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May 2004

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  • A high-spending chancellor and a continuing consumer boom might not be in the long-term interests of the UK. They are, though, fundamental to foreign investment that is pushing up sterling.
  • The continued strength of the oil price means that Saudi Arabia is set for another successful economic performance this year and unless there is a change in this market, should deliver a second successive year with a budget surplus.
  • With foreign players set to start investment banking operations in Saudi Arabia, local banks are confident that they can meet the challenge.
  • Rising volumes of primary issuance in Europe mask the fact that most companies are not selling shares to fund growth or to restructure.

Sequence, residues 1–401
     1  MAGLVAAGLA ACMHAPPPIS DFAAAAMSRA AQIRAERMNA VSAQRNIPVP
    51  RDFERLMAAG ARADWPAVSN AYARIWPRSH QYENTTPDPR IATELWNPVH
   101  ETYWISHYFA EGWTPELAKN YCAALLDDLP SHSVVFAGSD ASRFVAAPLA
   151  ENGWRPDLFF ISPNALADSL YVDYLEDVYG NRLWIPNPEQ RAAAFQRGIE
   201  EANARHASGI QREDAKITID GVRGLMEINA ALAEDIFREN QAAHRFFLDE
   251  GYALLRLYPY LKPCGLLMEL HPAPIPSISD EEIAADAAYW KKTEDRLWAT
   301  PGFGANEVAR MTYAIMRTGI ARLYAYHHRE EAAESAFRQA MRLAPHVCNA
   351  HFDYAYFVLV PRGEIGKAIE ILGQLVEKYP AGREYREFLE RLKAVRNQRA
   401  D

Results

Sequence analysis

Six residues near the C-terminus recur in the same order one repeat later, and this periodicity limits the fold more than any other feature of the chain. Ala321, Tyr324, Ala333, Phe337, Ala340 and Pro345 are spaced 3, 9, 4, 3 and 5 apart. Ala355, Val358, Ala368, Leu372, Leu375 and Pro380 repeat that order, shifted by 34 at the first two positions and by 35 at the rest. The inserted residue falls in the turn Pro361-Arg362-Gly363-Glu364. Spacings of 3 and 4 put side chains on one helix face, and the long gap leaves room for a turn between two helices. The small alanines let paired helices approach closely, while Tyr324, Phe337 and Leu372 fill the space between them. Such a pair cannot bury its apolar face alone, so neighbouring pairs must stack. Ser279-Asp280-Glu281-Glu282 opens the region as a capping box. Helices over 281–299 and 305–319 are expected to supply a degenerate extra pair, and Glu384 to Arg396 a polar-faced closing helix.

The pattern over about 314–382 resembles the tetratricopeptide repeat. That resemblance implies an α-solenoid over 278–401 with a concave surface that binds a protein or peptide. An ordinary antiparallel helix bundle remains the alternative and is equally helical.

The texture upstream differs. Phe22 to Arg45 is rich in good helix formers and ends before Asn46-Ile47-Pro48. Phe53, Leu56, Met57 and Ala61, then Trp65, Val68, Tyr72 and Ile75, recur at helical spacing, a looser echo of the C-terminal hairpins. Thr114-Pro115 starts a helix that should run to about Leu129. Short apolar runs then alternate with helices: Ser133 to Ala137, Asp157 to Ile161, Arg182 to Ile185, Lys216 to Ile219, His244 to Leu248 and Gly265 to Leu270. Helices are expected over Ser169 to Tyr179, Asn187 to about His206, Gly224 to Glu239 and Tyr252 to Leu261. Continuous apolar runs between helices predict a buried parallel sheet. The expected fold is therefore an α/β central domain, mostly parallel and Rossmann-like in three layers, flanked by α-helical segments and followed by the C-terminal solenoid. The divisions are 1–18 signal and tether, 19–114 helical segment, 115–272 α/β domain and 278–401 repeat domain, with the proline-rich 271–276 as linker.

• Credit provision is once again becoming a dangerous game. Tight bond spreads on high-grade, high-yield or emerging-markets paper are one obvious warning sign that investors? desperate chase for yield has overcome any sensible discrimination about underlying credit risk. But the clearest indication that institutions have failed to learn from the last recession and credit crunch is in the syndicated loan market.
  • Bankers are eager for the implementation of Saudi Arabia's capital markets law. But this won't happen until the regulator's chairman is appointed
  • For the first time in a generation, Saudi Arabia has posted two budget surpluses in a row. Sustained oil prices underlie this, though, and economic reform needs to be kept at the top of the kingdom's agenda.